Free daily tips, information and advice for small business
from personal experience starting-up and growing businesses of my own.
No business will make it unless someone sells the soap. Or the advice. Or whatever it is that inspired you in the first place.
Business is selling.
Owners who shy away from selling are ignoring their own childhood and adolescence. You learned to sell every step along the way.
All of us sold our parents--you had to go to that concert, you had to borrow the car. We tried to sell our teachers--I couldn't find that book, my little brother tore up my paper.
These were valuable lessons. Some worked. Others, not so much. But all were valuable learning experiences.
Example: Walker got his law degree, passed the bar exam, and tacked a brass plate on his storefront door. Then he waited. And he waited. It's one thing, I told him, to have great credentials, but it's quite another thing to rein in paying clients. Every client expects a lawyer to be smart, educated, and resourceful. That's the minimum. But when they walk in your door, it's all about them. What can you do for me? It's not about you, I said, it's about the client. Walker joined the local chamber of commerce as well as several networking groups. He offered to lead free discussions at senior centers, local organizations and other groups. There, he talked about simple concerns of people in the audience: what to do when you get a traffic ticket, how you handle an elderly relative, what to do if you get sued. Soon his phone began to ring, and his law practice began to blossom.
As a business owner, you must put yourself out there to meet people. All sorts of people. You never know which person will become a customer/client--and refer others to you.
Shy? Many find face-to-face contact to be intimidating. But you can do many things to promote your business without the face-to-face contact.
Example: Freida loved to bake. Something about creating cookies and cakes fascinated her. She opened her small bakery and waited for people to beat a path to her door. Some people stopped in, but business was slow. Customers gave her baked goods high marks, and they returned--from time to time. Freida was disillusioned, until she found ways to promote her bakery and turn it into a destination. She began holding events for kids. She set out a fresh sample table every day. She put her bakery on Facebook. She began holding baking classes--teaching people how to bake, giving them tips and information. All this activity created a buzz in the community--and beyond. At all these events, she handed out business cards--not the usual standard size, but postcard size cards with colorful pictures of scrumptious cookies and cupcakes, biscotti and brownies, layer cakes and fruit pies--along with her address, phone, hours, and her Facebook presence. Her reputation spread, and customers passed the word around, bringing others.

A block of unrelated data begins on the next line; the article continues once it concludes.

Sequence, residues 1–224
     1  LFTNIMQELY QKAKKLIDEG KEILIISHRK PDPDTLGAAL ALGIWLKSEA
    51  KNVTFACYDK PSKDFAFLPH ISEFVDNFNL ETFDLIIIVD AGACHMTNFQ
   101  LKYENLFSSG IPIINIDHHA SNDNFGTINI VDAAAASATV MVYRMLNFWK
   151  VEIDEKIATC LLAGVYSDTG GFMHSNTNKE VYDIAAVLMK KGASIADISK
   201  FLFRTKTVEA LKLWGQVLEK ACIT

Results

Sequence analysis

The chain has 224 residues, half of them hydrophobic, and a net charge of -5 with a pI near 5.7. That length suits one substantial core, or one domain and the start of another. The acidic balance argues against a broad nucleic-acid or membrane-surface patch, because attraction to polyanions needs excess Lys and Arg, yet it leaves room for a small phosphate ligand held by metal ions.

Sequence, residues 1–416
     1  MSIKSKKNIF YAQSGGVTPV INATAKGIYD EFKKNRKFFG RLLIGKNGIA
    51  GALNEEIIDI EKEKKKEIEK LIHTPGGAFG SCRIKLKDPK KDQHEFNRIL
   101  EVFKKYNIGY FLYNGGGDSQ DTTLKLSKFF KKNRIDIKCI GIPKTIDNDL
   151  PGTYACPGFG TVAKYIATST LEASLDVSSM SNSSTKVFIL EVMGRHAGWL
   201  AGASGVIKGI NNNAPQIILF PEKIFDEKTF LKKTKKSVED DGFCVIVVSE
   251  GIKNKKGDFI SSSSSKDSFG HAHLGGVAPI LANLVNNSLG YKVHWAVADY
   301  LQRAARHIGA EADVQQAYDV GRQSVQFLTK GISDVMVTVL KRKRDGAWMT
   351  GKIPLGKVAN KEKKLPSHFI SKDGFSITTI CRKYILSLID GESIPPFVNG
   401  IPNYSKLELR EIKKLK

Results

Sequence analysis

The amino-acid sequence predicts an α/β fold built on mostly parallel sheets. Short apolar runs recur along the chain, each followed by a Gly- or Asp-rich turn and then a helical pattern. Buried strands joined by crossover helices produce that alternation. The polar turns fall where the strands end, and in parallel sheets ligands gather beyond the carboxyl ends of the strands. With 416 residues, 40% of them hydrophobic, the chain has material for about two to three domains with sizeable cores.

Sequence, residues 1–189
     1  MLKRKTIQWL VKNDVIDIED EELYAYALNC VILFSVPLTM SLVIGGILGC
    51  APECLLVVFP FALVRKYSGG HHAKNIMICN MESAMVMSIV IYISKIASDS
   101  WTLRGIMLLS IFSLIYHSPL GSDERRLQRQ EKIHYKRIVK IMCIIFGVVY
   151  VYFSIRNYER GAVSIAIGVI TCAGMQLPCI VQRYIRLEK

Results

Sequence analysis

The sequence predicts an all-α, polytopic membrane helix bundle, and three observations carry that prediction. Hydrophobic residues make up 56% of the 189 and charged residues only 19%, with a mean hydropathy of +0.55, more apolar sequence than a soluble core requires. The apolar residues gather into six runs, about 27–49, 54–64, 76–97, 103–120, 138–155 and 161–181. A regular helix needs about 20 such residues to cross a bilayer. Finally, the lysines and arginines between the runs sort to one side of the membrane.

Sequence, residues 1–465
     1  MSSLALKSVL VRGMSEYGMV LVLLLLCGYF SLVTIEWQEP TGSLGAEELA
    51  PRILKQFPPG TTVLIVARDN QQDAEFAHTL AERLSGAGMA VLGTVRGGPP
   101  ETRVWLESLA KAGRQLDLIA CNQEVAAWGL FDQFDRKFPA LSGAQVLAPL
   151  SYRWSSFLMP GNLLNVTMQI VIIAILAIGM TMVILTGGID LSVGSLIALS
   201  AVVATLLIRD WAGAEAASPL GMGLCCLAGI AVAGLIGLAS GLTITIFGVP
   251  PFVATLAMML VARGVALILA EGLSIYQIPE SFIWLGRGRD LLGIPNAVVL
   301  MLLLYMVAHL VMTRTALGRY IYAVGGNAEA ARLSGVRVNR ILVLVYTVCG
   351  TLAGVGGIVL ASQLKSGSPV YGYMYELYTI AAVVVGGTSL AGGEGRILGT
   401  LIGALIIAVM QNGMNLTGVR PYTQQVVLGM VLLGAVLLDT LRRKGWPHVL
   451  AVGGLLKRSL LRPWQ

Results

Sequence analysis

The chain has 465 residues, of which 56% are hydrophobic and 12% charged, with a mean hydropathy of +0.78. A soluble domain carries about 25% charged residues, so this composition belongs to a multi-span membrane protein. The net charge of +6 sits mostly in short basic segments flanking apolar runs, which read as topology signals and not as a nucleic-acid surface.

Sell yourself by getting the word out about what you can do for others. It's not about you, it's about them. Sell yourself by getting others to think of you when their needs arise.
Always pay attention to referrals. The people who attended Walker's talks on the law will remember him and pass the word around to their friends and relatives. And the people who attended Freida's baking sessions will talk about it to others. Satisfied customers/clients will do the selling for you.
Selling the soap (or the advice) can be done in many ways. Concentrate on what works for you and your business. When a method works for you, figure out ways to do more of it. Selling yourself becomes easier when you focus on the ways you can help other people.